Volume 3 Number 35 – October 24, 2020 – 7 Chesvan 5781
The 7 Noahide Laws: Universal Morality
The Torah of Moses is a truth for all humanity, whether Jewish or not. The Torah (as explained in the Talmud – Sanhedrin 58b) presents seven mitzvot for non-Jews to observe. These seven laws are the pillars of human civilization, and are named the “Seven Laws of Noah,” since all humans are descended from Noah who survived the Great Flood. They are:
- Do not murder.
- Do not steal.
- Do not worship false gods.
- Do not be sexually immoral.
- Do not eat a limb removed from a live animal.
- Do not curse G-d.
- Set up courts and bring offenders to justice.
Maimonides explains that any human being who faithfully observes these laws earns a proper place in heaven. So, the Torah is for all humanity, no conversion necessary.
These laws were communicated by G-d to Adam and Noah, ancestors of all human beings. That is what makes these rules universal.
Laws made by humans may change according to circumstance. But laws made by the Creator of all souls, over all of time, remain the same – for all people and at all times.
– adapted from www.chabad.org and www.aish.com
Sisterhood Elections are coming…
Elections will take place in November.
Any woman who would like more info about becoming an Officer or Board Member contact Fran Alper
“They Tried” – Noach (Genesis 6:9-11:32)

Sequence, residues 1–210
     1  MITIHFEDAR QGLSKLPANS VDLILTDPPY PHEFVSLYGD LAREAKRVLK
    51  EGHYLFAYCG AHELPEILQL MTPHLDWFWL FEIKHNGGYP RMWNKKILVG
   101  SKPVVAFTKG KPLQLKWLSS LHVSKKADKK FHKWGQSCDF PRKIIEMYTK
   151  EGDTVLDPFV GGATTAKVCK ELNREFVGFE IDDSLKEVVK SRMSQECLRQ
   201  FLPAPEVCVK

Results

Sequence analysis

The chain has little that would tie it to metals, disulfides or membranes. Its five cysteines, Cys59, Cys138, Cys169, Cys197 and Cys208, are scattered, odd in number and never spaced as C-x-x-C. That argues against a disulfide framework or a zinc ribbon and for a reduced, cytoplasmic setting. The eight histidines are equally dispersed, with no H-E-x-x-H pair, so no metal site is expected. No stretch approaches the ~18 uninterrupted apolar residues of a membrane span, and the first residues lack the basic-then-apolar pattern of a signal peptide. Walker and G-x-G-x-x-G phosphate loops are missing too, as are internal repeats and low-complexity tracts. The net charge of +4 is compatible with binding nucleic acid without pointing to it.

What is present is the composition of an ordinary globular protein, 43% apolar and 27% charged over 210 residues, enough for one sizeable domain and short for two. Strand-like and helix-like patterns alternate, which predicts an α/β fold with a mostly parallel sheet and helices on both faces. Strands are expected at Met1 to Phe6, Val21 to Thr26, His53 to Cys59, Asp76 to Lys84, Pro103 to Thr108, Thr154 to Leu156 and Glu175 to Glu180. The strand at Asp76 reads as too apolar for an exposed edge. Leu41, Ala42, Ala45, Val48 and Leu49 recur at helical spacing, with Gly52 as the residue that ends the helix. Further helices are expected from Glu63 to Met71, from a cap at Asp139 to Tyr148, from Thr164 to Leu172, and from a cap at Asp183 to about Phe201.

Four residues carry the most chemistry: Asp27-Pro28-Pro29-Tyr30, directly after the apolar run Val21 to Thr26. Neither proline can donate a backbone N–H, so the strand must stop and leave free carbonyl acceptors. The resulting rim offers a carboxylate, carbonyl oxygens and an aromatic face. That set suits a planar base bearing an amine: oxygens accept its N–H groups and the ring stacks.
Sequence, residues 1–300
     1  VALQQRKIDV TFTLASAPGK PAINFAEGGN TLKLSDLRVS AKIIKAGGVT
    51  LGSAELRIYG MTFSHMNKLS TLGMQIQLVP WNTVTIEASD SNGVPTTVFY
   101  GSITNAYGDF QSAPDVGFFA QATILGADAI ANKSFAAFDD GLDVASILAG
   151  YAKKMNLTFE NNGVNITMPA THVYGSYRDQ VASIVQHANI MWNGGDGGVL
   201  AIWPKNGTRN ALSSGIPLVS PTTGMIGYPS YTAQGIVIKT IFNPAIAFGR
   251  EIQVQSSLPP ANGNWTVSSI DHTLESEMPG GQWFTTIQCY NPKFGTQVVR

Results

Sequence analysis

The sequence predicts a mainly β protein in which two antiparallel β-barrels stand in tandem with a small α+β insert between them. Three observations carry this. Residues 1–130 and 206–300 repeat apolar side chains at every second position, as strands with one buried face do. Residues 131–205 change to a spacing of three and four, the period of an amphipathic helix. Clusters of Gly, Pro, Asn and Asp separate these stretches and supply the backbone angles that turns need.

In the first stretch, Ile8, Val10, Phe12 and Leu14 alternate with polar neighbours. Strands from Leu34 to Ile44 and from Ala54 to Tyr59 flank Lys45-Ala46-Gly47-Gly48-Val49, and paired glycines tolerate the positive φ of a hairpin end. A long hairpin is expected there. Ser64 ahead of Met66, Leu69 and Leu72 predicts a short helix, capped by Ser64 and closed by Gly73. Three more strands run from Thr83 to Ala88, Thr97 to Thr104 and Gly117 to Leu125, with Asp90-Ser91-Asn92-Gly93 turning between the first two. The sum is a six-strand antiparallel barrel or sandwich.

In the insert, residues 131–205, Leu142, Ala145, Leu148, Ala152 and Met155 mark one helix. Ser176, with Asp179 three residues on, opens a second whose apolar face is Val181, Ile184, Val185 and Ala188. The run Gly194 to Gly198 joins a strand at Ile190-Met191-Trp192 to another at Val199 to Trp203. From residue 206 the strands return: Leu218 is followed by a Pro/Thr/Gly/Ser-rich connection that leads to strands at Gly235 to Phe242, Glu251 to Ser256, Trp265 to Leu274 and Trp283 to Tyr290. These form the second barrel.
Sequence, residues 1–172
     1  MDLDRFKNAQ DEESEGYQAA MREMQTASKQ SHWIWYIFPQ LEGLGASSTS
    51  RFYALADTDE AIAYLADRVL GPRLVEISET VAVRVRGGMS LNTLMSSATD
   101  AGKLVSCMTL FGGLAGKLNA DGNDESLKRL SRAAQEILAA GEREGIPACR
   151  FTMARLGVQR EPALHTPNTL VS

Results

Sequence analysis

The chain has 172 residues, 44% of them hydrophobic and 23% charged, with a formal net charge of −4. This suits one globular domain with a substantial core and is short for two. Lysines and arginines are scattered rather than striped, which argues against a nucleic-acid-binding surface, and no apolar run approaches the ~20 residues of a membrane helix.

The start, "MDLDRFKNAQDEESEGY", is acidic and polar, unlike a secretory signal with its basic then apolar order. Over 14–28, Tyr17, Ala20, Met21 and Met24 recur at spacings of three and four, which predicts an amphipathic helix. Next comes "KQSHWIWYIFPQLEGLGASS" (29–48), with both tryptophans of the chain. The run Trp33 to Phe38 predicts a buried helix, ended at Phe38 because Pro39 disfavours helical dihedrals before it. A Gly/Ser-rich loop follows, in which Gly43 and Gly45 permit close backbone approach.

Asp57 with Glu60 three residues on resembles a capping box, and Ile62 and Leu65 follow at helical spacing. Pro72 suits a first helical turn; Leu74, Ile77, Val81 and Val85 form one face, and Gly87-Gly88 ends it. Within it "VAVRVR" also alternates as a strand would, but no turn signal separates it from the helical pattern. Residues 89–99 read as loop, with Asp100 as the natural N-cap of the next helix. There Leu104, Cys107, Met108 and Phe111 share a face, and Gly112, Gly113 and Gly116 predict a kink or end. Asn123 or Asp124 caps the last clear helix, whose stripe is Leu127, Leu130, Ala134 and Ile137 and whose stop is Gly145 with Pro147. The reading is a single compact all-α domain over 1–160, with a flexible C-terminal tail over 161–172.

by Shoshanna Dresner (www.aish.com)
‘Shooting the messenger’ is a well-known phrase used to describe the act of blaming the bearer of bad news. In war a messenger would be sent from one camp to another, and the receiver might take out their anger on the unlucky envoy upon receiving negative information.
When Noah wanted to see if the flood water had subsided, he sent out a dove to see if she would find a resting place. Had the dove returned with a piece of vegetation this would show Noah that the waters had lowered.
Unsuccessful in her mission, she returned to the ark empty-handed.
Rabbi Berlin points out that the dove did not fly into the ark. She thought that her master would not allow her to come back inside as she was not presenting him with what he wanted to see!
Noah however had compassion and took her into his hand to warm her, “and he put forth his hand and took her and brought her to him into the ark” (Genesis 8:9).
An important lesson. If we ask someone to do something for us and they are unsuccessful, we should still treat them as if they were successful, not forgetting to express gratitude for the attempt.
We need to see the human behind the actions. Even if our emotions tempt us otherwise, we must always treat people with kindness and compassion.
Next Book Club Selection:
The Marriage of Opposites, by Alice Hoffman
Monday, October 26th 7:15 – 8:45pm
For more information contact Terri Schnitzer
Jewish Federation of St. Louis Women’s Philanthropy – L’Chaim!
A not to be missed virtual evening of celebration, community, and giving, featuring Bari Weiss. As a writer and editor, formerly for the Opinion section of The New York Times, Bari continues to comment on the complex world we are living in today from anti-Semitism to COVID-19.
Save the Date
Tuesday, October 27 | 7 pm
L’Chaim! The Roots of Our Community
- $18 – L’Chaim! ticket; includes a special L’Chaim! box filled with tools to help us celebrate together
- $54 – Exclusive Opportunity: Bari Spills the Beans ticket; includes a ticket to the Main Event, a signed copy of Bari’s book, and a special L’Chaim! treat
For more info contact Stacy at email@example.com or 314.442.3730
For information or to join Sisterhood, call the NHBZ office at 314-991-2100, ext. 3, or email: firstname.lastname@example.org